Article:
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« In Which We Are Melinda and Also Melinda »

Melinda and Melinda and Woody Allen


Almost is a dirty word in the cinema and it is a dirty word in marriage. Things either work and or they don't, and the man known as Woody Allen is no exception to this rule. His films either tend to be effortless parodies of stories or people we already know (Shadows & Fog, Interiors, Everything You Know About Sex But Were Afraid to Ask) or disturbingly off-base satires of genres most people neither know or care about (Curse of the Jade Scorpion, Scoop, Anything Else).

In some ways, Melinda and Melinda is closer to disaster than outright success. Sometimes Allen has gotten extraordinary lucky with the right casting - Mira Sorvino, Charlize Theron, Michael Caine - and other times he's completely struck out. When it comes to Melinda and Melinda, Winona Ryder should have played Radha Mitchell's twice-titular role, and Robert Downey Jr. was a far more appropriate choice (and always has been) for Will Ferrell's stumbling neurotic.

Instead, because insurance companies viewed the drug-addled duo as a massive risk, Allen had to settle for Plan B, and both choices were pretty much terrible. Radha Mitchell less so, as her easy sexuality and the fact that the Pitch Black star isn't just the same old face wins her sympathy laughs. Ferrell on the other hand is both completely wrong for the part (he's supposed to be married to Amanda Peet, for fuck's sake!) and an actor about as good as Malcolm of Malcolm in the Middle.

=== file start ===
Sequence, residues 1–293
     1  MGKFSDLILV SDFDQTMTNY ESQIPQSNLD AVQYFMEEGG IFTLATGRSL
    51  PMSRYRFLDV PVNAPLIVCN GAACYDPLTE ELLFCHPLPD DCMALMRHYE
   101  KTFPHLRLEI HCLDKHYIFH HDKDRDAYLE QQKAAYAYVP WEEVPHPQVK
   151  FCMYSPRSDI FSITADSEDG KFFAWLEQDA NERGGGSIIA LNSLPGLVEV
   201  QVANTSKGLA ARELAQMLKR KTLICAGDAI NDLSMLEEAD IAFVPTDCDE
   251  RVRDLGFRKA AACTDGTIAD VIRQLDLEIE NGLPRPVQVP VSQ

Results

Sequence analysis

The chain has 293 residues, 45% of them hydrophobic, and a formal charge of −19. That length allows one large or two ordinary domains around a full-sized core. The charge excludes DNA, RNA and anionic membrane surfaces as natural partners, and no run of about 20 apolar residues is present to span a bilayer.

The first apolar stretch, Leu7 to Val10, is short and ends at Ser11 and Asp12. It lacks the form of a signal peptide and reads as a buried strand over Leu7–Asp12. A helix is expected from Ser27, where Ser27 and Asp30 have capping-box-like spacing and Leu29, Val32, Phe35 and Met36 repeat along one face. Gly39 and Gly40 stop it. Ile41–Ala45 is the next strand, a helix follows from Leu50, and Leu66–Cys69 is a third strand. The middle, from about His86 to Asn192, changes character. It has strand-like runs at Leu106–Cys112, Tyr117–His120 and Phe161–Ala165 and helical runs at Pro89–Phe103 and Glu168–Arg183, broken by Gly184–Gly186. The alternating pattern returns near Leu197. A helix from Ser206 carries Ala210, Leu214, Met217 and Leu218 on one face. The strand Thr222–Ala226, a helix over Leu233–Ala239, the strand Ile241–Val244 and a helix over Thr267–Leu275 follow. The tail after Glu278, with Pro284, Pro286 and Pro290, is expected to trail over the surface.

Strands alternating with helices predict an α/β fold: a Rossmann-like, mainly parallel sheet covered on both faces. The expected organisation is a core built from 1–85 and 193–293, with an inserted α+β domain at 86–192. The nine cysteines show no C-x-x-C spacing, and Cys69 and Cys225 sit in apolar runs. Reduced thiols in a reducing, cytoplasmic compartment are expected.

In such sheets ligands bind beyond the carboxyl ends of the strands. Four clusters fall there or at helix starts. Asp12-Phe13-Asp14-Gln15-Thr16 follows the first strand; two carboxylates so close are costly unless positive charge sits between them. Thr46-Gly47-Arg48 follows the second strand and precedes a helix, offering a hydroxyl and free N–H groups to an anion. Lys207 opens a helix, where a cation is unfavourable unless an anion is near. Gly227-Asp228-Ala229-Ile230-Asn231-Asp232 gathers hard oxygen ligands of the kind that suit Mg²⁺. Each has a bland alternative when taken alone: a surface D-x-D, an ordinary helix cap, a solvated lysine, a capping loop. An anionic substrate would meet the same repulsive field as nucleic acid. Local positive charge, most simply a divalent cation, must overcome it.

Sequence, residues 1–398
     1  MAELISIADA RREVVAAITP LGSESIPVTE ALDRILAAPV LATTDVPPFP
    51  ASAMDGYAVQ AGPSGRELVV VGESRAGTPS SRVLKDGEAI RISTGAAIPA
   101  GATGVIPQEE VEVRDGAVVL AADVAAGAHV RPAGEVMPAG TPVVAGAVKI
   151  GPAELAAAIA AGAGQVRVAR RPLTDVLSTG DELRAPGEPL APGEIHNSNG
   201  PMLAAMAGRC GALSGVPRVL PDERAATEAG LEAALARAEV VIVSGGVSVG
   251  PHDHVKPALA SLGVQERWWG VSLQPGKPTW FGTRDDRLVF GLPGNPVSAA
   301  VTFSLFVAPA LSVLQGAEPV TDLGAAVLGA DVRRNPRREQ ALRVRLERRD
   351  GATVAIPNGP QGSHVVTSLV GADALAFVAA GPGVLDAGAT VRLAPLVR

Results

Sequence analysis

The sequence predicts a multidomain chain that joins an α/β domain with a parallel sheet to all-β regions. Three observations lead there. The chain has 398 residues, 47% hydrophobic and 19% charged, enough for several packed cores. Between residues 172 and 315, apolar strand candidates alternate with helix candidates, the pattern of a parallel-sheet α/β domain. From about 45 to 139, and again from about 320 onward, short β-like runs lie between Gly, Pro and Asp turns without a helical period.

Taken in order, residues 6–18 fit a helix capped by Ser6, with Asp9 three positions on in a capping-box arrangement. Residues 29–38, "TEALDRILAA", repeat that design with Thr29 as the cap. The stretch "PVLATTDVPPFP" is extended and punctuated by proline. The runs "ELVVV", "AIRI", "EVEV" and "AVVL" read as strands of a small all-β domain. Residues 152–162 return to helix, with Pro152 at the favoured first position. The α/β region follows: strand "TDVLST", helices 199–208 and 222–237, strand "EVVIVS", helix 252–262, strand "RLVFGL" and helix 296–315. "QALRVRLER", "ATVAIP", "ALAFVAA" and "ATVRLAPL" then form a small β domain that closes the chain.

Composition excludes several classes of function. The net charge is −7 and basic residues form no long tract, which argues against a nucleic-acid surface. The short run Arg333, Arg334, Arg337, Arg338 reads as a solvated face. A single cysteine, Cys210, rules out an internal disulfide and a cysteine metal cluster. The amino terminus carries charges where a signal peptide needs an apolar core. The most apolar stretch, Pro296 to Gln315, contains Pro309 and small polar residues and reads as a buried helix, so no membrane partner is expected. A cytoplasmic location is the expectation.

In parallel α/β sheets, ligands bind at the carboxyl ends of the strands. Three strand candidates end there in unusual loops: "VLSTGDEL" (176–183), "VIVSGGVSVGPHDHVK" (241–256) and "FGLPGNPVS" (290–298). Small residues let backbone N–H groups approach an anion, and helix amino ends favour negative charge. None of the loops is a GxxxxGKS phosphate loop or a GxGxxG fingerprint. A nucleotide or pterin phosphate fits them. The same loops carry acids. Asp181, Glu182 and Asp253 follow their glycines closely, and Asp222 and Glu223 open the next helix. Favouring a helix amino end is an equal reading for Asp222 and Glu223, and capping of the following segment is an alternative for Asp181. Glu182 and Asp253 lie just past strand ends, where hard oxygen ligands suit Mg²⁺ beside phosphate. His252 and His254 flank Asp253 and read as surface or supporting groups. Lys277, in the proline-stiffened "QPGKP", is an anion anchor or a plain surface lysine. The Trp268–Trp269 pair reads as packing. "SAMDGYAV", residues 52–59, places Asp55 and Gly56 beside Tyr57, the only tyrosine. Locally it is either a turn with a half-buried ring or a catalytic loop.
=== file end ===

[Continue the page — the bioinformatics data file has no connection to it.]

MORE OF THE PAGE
The film's premise is hackneyed and more than a little distracting. Wallace Shawn and Larry Pine are in a restaurant debating whether the essential nature of humanity is comic or tragic. Melinda (and Melinda) stumble through two storylines to discover the answer to this eternal dramatic question.

Even thinking hard, I'm not terribly sure which end of the story was up, and which was down. But hey, Woody's an old man, he forgets things. As a film, Melinda and Melinda is most successful when it's making fun of the seriousness with which Allen approached New York relationships in his early careers. Ostensible comedies when they were made, movies like Annie Hall and Hannah and Her Sisters are far sadder in retrospect, knowing what Mia Farrow, for example, went through. So Woody had to make a new comedy making fun of the old comedy, yet at times pulling back the veil of the diegesis to make us aware that it was still him.

Fortunately, Allen's talents as a writer enables him rise to the occasion here. His plays are always a little distracted, but Melinda and Melinda benefits from this scattershot approach. Chloe Sevigny is absolutely brilliant as Melinda's nemesis in the dramatic part, and the writing is so glorious that you can forgive all the things that are wrong in the production, design, and casting of the film. Sometimes Woody is just more fun when he's only joking around.

Eleanor Morrow is the contributing editor to This Recording. She lives in Manhattan, and she tumbls here.

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